Introductory summary by Ted Honderich of Anthony Kenny’s Royal Institute of Philosophy Annual Lecture
KNOWLEDGE, BELIEF, AND FAITH
Sir Anthony Kenny was born in Liverpool, studied in and became a Catholic priest in Rome, got the D.Phil in philosophy in Oxford, questioned the Church's doctrine, married, and was excomunicated. Among the places in which he has taught philosophy is Balliol College in Oxford, of which he also became Master. His yet more relevant distinction on the present occasion is his very many books, samples being The Five Ways: St. Thomas Aquinas' Proofs of God's Existence; Wittgenstein; The Metaphysics of Mind; A Life in Oxford; Action, Emotion and Will, and nothing less than A New History of Western Philosophy.
The lectures in the present volume demonstrate the fact that lecturers from the same lectern may have somewhat different ideas of their audiences, give somewhat different kinds of lecture. This is one such that the familiar words 'needs no introduction' are true of it. If no paragraph of it allows for confusion of it with popular philosophy, its attention to concepts and argument is accompanied by a determination to be understood. If it is philosophy that is indeed concentration on the logic of ordinary intelligence, and is learned and respectful of several philosophical pasts, it is also as pellucid as any in this volume.
Here and elsewhere, then, the role of an introduction can be little more than a chairman's promise of the interest of a subject that is not part of the monthly round of everyone, in this case God -- and also a promise of the interest of a wider subject, that of the nature of the epistemic facts of knowledge, certainty, truth, belief, reason, scepticism, faith, and the relationships between them, not excluding that of their relative values. In particular, what is the good of faith? And what class of degree is to be awarded to the atheism of he who also informed us of the selfish gene, the distinguished ethologist and evolutionary biologist, Richard Dawkins?
Some preliminary thought of some of these matters is followed by consideration of the traditional arguments for the existence of God. The ontological proof, essentially the proposition that God exists by definition of himself, is not saved by a latter-day scholasticism of logicians about possible worlds. Nor is God's existence established by religious experience.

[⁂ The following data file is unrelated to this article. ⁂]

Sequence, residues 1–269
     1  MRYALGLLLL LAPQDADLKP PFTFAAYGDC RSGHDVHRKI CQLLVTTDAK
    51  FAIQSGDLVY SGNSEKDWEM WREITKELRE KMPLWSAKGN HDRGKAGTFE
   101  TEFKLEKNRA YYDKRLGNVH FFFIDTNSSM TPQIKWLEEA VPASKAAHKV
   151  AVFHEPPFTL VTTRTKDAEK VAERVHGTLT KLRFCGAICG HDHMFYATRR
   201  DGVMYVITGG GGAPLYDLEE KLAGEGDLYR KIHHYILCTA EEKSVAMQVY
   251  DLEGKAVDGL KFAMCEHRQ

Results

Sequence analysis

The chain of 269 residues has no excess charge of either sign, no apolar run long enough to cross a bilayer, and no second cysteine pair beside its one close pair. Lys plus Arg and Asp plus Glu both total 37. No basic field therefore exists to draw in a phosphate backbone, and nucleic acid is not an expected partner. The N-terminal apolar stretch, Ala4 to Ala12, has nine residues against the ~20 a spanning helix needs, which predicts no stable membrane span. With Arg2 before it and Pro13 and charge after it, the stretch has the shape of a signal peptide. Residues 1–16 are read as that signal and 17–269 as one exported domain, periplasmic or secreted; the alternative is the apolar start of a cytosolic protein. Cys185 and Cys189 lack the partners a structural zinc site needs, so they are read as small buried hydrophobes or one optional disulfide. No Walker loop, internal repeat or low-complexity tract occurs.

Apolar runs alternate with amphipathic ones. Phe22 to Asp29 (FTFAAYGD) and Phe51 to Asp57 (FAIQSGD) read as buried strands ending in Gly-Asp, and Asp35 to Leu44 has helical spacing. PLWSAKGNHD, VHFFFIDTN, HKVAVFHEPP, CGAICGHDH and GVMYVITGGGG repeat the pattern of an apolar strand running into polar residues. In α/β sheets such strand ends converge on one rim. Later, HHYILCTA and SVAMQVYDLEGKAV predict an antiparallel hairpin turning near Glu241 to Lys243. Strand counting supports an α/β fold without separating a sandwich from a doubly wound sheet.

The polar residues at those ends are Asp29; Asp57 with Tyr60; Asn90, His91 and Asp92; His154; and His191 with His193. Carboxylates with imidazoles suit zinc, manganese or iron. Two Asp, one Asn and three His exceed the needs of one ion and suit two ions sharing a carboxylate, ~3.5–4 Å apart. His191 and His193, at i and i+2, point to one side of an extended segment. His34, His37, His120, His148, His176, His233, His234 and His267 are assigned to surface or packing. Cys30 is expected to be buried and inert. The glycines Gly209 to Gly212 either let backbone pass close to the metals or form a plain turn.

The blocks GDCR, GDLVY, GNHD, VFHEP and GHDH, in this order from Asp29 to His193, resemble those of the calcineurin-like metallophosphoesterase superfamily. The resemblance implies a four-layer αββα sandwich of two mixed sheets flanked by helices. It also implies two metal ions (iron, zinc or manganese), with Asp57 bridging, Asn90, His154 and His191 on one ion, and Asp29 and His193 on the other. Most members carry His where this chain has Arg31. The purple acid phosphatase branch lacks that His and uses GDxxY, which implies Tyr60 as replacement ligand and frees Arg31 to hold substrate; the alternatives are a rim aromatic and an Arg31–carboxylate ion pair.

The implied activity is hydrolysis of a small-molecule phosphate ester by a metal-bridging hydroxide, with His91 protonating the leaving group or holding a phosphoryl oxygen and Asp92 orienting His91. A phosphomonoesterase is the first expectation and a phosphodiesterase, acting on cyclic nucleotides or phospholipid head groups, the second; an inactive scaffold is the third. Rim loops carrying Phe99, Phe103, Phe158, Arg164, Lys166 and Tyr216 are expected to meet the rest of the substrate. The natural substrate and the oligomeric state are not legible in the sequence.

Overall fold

More attention is given to the argument from design, and in particular the matter of teleology, in its vulgar and maybe true form the idea that the occurrence of effects explains the occurrence of their causes. There is arresting reflection here on the anthropic principle, particular clarifications and developments of the idea that the nature of something requires the existence of a certain kind of cause of it. Who could deny the central idea here? And who can be untouched by the lecturer's attention to Dawkins' consideration of the principle? As much attention is given to religious belief taken as a scientific hypothesis initially on a par with other such hypotheses. Here a range of epistemic attitudes is considered, first credit for it being given to Aquinas.
I summarize no more, except to remark, first, that faith, after close examination, is deemed not a virtue but a vice, and to report, second, that the lecture may indeed achieve for you its goal, which is the conclusion that belief in God, possibly false, is as reasonable as disbelief, and third, to note the judgement that at least religious narratives are properly regarded as metaphor and to be moved into the category of poetry rather than history.
Like any good lecture, this one forms questions in your mind. Is the God in whom it is said to be reasonable to believe a lesser one than the one allowed by faith -- and by the hope and promise provided by traditional religion? Should we keep in mind that the history of science, mighty science, is itself importantly a history of literal theories taken as true -- and derived from or at least motivated by metaphor?